A French cardinal, b. probably c. 1421, in Poitou; d. 5 October, 1491, at Ripatransone (March of Ancona). He has been frequently, but erroneously, called "de la Balue". He was graduated as licentiate in law about 1457, and at an early date entered the ecclesiastical state. He became so intimate with Jacques Juvénal des Ursins, Bishop of Poitiers (1449-57), that the latter named him executor of his will. The charge that in this capacity he misappropriated funds destined for the poor must be received with reserve. After the death of Des Ursins, Balue entered the service of John de Beauvau, Bishop of Angers (1451-67), who made him vicar-general (1461). In 1462, he accompanied his bishop to Rome, and thenceforth his career was marked by clever and unscrupulous intrigue. On his return, he was introduced by Charles de Melun to King Louis XI (1461-83), and, owing to the royal favour, his rise both in ecclesiastical and civil affairs was rapid. In 1464, Louis XI made him his almoner; the same year, Balue received the Abbeys of Fécamp and Saint-Thierri (Reims) and in 1465, that of Saint-Jean-d'Angély, two priories, and the Bishopric of Evreux. Having obtained the deposition of his benefactor, Beauvau, from the See of Angers, he secured the see for himself (1467). His intrigues in the affair of the Pragmatic Sanction procured him, at the request of Louis XI, the cardinalate, to which Paul II (1464-71) reluctantly raised him (1467). Guilty of high treason, he was arrested two years later (1469) with his accomplice William d'Haraucourt, Bishop of Verdun (1456-1500). As a cardinal, he could not be judged by a civil tribunal, but the negotiations between the pope and the king, regarding his trial, remaining fruitless, he was held captive by Louis XI for eleven years (1469-80). The baseless story of his detention in an iron cage originated in Italy in the sixteenth century. After many fruitless attempts, the pope in 1480 obtained Balue's freedom through Cardinal Julian de la Rovere, later Pope Julius II (1503-13). Balue went to Rome with the cardinal, was restored to all his rights and dignities (1482) and was named Bishop of Albano (1483). At the death of Louis XI (1483) he came, at the request of Charles VIII, as papal legate to France and left it as French ambassador to Rome (1485). Balue succeeded, moreover, in securing, besides several benefices, the nomination as Protector of the Order of St. John of Jerusalem and Guardian to Prince Djem, brother of the Sultan of Turkey. But his end was near; he died in 1491 and was buried at Rome. He had attained numerous dignities and amassed wealth, but dishonoured the Church.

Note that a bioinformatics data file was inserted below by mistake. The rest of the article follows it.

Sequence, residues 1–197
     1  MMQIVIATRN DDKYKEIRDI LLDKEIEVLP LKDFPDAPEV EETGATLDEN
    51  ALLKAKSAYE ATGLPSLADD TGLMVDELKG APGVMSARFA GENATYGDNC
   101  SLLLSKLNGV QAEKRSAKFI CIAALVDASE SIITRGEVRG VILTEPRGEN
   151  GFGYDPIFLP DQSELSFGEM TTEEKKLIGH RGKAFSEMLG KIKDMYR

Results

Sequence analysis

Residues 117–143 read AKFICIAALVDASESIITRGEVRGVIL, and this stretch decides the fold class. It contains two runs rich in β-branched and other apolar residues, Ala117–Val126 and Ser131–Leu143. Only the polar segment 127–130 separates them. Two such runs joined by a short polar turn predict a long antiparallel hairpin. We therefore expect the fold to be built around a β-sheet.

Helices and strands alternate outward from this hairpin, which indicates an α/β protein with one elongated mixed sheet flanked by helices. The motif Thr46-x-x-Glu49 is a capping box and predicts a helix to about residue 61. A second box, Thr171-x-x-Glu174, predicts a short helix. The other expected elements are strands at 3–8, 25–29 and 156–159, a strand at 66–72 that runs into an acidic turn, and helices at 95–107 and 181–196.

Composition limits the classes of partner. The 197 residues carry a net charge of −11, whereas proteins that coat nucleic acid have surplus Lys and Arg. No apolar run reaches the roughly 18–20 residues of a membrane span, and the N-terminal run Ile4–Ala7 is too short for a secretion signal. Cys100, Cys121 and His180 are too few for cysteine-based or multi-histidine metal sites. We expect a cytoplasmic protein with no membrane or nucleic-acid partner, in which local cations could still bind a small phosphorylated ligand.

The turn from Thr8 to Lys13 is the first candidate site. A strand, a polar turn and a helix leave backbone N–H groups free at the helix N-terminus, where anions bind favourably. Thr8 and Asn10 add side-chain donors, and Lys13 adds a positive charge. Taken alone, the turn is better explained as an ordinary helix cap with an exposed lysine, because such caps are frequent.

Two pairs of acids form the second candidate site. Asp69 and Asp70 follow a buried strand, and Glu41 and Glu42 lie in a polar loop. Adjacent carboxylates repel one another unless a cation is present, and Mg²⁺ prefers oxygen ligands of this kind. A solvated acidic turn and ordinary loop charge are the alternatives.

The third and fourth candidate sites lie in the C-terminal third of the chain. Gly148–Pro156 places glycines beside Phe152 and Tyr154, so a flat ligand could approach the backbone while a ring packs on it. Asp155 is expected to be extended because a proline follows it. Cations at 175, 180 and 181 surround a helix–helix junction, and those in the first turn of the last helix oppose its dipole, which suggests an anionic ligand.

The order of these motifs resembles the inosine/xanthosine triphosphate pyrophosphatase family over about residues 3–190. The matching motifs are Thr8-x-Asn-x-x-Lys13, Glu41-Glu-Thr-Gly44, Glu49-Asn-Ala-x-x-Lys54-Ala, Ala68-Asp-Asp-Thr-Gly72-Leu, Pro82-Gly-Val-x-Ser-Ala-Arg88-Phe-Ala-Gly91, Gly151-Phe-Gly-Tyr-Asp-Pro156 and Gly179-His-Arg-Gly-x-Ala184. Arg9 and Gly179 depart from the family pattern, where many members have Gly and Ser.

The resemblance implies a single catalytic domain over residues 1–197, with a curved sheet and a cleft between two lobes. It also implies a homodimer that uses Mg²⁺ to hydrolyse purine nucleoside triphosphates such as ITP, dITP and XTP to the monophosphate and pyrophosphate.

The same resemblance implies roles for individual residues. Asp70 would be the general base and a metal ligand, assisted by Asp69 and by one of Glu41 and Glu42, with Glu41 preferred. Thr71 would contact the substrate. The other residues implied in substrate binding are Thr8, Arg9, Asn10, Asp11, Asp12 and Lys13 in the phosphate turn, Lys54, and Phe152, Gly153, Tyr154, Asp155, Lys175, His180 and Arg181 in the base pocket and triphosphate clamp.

Forgeot, Jean Balue (Paris, 1895); Pastor, Gesch. Der Papste (Freiburg, 1904), 4th ed., II, 372-375; tr. IV, 102-105 (London, 1894).
APA citation. (1907). Jean Balue. In The Catholic Encyclopedia. New York: Robert Appleton Company. http://www.newadvent.org/cathen/02241b.htm
MLA citation. "Jean Balue." The Catholic Encyclopedia. Vol. 2. New York: Robert Appleton Company, 1907. <http://www.newadvent.org/cathen/02241b.htm>.
Transcription. This article was transcribed for New Advent by Susan Birkenseer.
Ecclesiastical approbation. Nihil Obstat. 1907. Remy Lafort, S.T.D., Censor. Imprimatur. +John M. Farley, Archbishop of New York.
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